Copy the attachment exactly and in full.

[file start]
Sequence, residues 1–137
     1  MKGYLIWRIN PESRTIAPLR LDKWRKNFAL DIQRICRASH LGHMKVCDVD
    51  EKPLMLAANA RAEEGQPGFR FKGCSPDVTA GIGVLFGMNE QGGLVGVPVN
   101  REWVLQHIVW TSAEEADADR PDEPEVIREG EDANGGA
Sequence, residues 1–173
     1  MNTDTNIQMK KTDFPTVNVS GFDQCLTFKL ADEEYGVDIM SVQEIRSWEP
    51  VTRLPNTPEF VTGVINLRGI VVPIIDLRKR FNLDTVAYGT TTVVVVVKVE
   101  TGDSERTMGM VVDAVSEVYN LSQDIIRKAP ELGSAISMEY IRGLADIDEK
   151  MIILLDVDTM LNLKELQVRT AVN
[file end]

Sequence, residues 1–137
     1  MKGYLIWRIN PESRTIAPLR LDKWRKNFAL DIQRICRASH LGHMKVCDVD
    51  EKPLMLAANA RAEEGQPGFR FKGCSPDVTA GIGVLFGMNE QGGLVGVPVN
   101  REWVLQHIVW TSAEEADADR PDEPEVIREG EDANGGA
Sequence, residues 1–173
     1  MNTDTNIQMK KTDFPTVNVS GFDQCLTFKL ADEEYGVDIM SVQEIRSWEP
    51  VTRLPNTPEF VTGVINLRGI VVPIIDLRKR FNLDTVAYGT TTVVVVVKVE
   101  TGDSERTMGM VVDAVSEVYN LSQDIIRKAP ELGSAISMEY IRGLADIDEK
   151  MIILLDVDTM LNLKELQVRT AVN